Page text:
I first connected with Art Starts through the Platform A micro-grants. Project 40 Collective received this grant twice, once in 2016 and 2017. The first went to curating an exhibition alongside our LooseLeaf Volume 2 Launch titled, Hui and the second went towards holding a workshop series titled, Diasporasian Mythologies. We’ve also been fortunate to be part of the Arowana Training Project, where we hosted burden(some) – a workshop program.
In a way, Art Starts also helped Jasmine and I start creatively collaborating as we exhibited a piece at Art Starts’ Evolution exhibition. From there, we started identifying ourselves as the artistic duo, jabs, and that piece eventually turned into our first zine together.
None of this would have been possible without Julian Carvajal, and I’m grateful for his thoughtfulness and support.
What does ‘community’ mean to you and how have you incorporated this into your projects?
When I think of the word ‘community,’ I immediately think of two hands cupped together in the act of receiving and pouring. ‘Community’ for me means trust; it is built on relationships where there are mutual acceptance and love. It is a reciprocal relationship, where, when poured into, you can pay it forward to others as well. I like to think, to be part of a community is the most fertile grounds for personal and collective growth and creativity.
In terms of incorporating ‘community’ into my projects, I think community art happens in tandem with self-actualization. I think you need to invest in yourself first before you can invest in your community. When I’m creating work (whether personally, collaboratively, or in programming), I continually remind myself who I’m creating it for.
Community often happens in witnessing other people’s work or stories, collaborating, skill and resource sharing, or just showing up to be part of the process.
What advice would you give to emerging artists wanting to make a career out of their art?
To emerging artists starting out, I would say trust your gut! Your body already knows the stories you want to creatively express. Art-making is similar to putting together a puzzle, you’ll know (or your gut will tell you via butterflies and other emotions) that the piece works for you and is ‘right.’ Don’t be afraid of going through the process because it is always worth it to simply try.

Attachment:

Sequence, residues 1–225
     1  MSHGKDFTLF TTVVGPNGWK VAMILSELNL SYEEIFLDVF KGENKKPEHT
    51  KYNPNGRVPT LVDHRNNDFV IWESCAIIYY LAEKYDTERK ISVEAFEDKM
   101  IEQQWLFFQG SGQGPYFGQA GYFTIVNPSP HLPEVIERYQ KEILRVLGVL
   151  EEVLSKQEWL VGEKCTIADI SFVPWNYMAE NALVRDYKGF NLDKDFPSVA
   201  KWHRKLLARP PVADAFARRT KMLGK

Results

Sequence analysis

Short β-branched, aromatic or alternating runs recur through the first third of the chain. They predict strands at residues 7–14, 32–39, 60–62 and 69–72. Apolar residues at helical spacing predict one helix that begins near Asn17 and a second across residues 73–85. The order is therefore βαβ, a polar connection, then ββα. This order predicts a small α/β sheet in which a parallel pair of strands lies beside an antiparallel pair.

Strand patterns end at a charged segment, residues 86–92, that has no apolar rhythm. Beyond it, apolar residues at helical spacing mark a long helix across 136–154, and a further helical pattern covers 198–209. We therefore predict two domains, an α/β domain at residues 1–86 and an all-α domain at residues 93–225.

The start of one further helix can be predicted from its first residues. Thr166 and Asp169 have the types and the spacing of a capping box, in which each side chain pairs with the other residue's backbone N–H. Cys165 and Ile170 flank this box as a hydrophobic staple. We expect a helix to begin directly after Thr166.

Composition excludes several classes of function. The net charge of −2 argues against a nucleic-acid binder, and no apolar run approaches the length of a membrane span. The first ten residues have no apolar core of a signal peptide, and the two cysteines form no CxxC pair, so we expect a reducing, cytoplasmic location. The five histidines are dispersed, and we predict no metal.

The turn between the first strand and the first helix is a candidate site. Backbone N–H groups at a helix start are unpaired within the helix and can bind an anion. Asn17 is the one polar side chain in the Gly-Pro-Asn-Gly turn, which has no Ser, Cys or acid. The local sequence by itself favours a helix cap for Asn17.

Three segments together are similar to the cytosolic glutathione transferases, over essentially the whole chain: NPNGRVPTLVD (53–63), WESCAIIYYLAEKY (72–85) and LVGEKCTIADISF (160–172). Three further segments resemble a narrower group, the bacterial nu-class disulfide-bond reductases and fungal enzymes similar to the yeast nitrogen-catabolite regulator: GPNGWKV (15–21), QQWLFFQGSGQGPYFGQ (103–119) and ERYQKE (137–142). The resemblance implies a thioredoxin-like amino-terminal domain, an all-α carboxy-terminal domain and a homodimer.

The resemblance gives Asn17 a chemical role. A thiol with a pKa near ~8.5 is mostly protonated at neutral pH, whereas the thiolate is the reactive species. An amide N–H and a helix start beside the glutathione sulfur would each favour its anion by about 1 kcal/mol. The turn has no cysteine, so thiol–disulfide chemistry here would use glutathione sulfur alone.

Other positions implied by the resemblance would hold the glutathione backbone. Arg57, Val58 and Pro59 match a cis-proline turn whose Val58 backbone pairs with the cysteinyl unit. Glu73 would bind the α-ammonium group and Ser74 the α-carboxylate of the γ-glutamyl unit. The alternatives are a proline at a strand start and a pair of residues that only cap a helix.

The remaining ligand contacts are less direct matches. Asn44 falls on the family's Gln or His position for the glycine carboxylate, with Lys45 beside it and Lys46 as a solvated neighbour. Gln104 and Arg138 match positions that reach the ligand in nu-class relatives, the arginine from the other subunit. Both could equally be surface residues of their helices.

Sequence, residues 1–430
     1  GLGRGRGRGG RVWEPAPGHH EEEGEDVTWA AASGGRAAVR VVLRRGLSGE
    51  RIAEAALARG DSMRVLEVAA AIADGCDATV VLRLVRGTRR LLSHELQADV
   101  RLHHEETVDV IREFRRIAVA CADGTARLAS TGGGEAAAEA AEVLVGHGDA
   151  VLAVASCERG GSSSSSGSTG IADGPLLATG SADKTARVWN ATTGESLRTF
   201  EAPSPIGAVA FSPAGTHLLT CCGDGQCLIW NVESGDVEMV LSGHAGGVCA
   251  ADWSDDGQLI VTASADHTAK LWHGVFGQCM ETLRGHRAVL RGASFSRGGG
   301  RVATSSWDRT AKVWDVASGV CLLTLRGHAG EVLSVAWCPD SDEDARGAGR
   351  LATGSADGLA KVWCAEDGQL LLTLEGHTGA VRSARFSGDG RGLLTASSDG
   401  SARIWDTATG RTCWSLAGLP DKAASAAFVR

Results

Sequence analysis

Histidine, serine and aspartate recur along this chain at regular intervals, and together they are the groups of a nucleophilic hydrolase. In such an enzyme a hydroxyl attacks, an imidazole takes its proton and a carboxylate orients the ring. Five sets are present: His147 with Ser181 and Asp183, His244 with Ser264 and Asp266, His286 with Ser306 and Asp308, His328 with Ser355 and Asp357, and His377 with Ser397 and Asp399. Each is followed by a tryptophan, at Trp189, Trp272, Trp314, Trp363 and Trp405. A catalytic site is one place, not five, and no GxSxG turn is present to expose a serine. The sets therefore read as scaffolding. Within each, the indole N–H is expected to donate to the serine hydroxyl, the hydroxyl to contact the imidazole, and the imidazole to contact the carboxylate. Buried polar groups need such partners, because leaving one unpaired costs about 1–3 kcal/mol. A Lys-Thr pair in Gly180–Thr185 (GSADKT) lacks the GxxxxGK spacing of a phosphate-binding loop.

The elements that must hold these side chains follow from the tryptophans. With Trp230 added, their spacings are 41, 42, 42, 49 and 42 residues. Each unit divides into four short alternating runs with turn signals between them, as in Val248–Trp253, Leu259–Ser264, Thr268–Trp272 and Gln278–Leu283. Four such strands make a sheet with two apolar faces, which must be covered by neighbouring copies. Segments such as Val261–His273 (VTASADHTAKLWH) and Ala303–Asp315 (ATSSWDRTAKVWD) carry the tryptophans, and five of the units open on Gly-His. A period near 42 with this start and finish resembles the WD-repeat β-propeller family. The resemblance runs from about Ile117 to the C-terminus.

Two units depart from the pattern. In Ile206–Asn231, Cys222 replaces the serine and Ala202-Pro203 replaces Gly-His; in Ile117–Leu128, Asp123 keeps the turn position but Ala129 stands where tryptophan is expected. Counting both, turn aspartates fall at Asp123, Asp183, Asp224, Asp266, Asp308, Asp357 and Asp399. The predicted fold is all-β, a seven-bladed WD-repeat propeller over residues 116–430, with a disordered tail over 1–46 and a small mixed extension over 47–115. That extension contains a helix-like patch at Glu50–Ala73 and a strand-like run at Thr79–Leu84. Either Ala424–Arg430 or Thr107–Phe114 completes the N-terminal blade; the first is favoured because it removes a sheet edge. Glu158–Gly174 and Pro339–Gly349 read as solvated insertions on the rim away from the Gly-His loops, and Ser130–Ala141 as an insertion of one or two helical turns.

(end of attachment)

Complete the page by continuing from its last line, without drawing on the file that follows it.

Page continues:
When you feel uncertain, reach out to others in the community. Whether that be spending time with people who inspire you or connecting to other amazing community organizations like Art Starts, Paperhouse Outreach Collective, MOEG, Xpace, Tea Base, the list goes on. Sometimes you don’t have to be in the act of creative output to be in the process of ideating. All your experiences will come together, and your reflexivity to that will create your best work.
What are you currently working on and what can we expect to see in the future?
Currently, I’m working on some larger paper-cuts. I’ve been ideating around the words: grief, homecoming, monuments, and imagining geometric mazes. I use to draw a lot with charcoal so I would like to see how papercutting reacts with the immediacy and smudgy nature of this mark-making tool.
jabs also has some exciting projects in the works that will hopefully be done by the end of the year. Please keep a lookout for us!
Abby’s artwork is powerful in its message of self-actualization, and her affinity for collaboration is inspiring. We are honoured to have worked with her on multiple projects, maintain a relationship through Project 40 Collective, and we can’t wait to see what the future holds for her.